Yaccaira Salvatierra @ The Acentos Review
Here is an excerpt from “Luciérnaga:”
Luciérnaga, firefly, I didn’t believe you existed,
but there you were dancing in your radiance
along a damp Mexican path far from the city’s glow.
You were followed by a few others
flickering in and in like tips of fire;
you took them along the man-made trail
walled with dry bush and cacti;
you led them into an opening
among the thorned-arms of the maguey
as a deepening purple sky
slowly swallowed dawn’s dim light.
I traveled behind you as far as I could,
but that was the last I saw of you.
Ruben Quesada @ Ostrich
A few weeks ago in an interview moderated by Andrés Montoya Poetry Prize winner, Sheryl Luna, Latino Poetry Now featured poet, Carmen Giménez-Smith expressed her enthusiasm for the diversity of Latino/a writers recently being published and for the main actors—journals, magazines, small presses—spearheading these publishing efforts. Among them is Nayelly Barrio’s Ostrich Review.
Issue two of Ostrich, features a poem by Letras Latinas-featured poet Ruben Quesada. Back in June of last year I had the opportunity to profile Ruben Quesada and his debut collection Next Extinct Mammal (Greenhouse Review Press, 2011), of which D.A. Powell writes: “Like Whitman, Quesada is a poet of motion—journeying to the center of the US… toward “that seam in space” where dream and experience intersect.” His poem “On Telos” is currently featured at Ostrich.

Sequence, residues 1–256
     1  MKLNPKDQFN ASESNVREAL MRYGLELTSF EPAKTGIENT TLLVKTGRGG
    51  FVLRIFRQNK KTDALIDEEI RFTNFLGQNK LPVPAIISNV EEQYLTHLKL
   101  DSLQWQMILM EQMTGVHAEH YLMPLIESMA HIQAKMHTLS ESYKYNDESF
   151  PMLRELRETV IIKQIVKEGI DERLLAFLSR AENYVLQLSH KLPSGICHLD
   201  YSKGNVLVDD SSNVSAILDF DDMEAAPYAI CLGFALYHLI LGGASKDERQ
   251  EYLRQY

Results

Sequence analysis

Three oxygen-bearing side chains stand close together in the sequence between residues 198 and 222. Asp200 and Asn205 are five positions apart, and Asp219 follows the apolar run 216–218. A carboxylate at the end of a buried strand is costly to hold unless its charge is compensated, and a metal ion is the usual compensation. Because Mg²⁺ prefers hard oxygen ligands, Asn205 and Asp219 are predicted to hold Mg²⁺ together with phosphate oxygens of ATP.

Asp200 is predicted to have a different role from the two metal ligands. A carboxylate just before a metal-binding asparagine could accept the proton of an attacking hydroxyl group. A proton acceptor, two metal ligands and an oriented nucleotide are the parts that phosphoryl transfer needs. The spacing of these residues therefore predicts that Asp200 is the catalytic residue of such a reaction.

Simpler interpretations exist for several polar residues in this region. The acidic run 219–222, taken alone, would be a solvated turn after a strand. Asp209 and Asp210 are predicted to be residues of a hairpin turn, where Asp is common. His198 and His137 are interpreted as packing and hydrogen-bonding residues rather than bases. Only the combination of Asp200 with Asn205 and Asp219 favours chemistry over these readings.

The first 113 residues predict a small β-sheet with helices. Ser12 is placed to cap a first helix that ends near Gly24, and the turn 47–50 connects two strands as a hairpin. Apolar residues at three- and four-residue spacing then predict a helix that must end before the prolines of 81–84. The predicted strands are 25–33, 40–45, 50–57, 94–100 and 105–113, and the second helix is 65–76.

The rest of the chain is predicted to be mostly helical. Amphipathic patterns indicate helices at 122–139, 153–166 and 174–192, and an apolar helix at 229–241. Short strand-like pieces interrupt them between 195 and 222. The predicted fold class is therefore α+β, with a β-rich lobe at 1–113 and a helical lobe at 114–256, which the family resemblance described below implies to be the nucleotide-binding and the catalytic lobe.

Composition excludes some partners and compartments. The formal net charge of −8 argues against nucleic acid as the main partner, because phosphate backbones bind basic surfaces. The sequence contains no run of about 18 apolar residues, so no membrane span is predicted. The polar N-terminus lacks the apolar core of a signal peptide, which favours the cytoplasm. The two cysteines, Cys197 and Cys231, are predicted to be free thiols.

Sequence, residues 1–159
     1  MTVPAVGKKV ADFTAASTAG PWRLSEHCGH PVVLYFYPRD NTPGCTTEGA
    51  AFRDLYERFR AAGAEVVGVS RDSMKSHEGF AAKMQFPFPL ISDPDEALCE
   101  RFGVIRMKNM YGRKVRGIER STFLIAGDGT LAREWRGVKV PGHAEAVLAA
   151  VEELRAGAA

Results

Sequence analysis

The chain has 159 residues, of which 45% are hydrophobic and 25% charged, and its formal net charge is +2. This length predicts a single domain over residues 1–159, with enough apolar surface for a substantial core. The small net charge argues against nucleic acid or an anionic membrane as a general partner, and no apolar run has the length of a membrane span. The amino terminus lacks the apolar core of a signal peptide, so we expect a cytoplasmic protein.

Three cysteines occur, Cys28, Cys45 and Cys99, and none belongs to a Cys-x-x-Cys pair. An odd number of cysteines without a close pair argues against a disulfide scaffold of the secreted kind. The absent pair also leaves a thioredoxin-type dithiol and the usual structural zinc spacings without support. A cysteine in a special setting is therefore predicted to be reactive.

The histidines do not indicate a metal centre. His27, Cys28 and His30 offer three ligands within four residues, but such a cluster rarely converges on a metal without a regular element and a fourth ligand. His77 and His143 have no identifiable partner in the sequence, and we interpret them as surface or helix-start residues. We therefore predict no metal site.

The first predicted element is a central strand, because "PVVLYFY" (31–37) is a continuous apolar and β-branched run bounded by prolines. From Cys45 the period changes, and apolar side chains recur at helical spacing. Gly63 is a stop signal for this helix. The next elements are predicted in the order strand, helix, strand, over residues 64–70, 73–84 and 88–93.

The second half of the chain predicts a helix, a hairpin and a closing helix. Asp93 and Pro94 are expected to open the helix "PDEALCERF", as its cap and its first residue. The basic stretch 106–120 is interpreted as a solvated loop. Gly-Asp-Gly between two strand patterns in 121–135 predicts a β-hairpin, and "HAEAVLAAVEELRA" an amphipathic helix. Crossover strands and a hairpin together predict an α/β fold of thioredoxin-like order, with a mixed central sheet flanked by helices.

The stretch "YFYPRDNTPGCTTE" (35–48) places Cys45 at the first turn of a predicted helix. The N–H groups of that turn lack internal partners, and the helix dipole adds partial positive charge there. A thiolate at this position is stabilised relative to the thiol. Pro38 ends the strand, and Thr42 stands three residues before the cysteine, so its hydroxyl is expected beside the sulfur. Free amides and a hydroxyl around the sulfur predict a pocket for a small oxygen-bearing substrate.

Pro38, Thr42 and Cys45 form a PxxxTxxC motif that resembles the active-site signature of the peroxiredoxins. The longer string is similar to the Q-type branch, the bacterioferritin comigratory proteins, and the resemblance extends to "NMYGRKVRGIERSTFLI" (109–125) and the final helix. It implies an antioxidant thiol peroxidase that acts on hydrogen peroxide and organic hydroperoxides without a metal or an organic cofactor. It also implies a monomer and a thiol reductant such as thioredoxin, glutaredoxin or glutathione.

David Campos @ Boxcar Poetry Review
Andrés Montoya Poetry Prize finalist, David Campos was the co-hosted the literary radio show Pakatelas on KFCF 88.1 FM Fresno from 2009-2011. And has his poems featured at The American Poetry Review, The Packinghouse Review, Connotation Press, Verdad, In The Grove, and The San Joaquin Review. His latest poem “After Hearing of My Father’s Passing” is a moving elegy masterfully interwoven with images of loss and redemption and is currently featured at the Boxcar Poetry Review:
I remember the mountains, the echo of shotgun blasts
herding quails into the sky. Father, I remember hearing you
say how easier it would be to bury a father than a son.
This afternoon it is raining like that day I had no desire
to gut the deer hanging from the tree,
to carry the limp body over the hills,
to have its blood drip on my clothes
and dry in between my fingers.
I have no desire to lower your casket,
your body, into the ground, and watch it sway
before the hard wood of the coffin meets the soft earth.
I still remember the man who kept twenty paces ahead of me
up those mountains, who every now and then looked back
to make sure I was still there.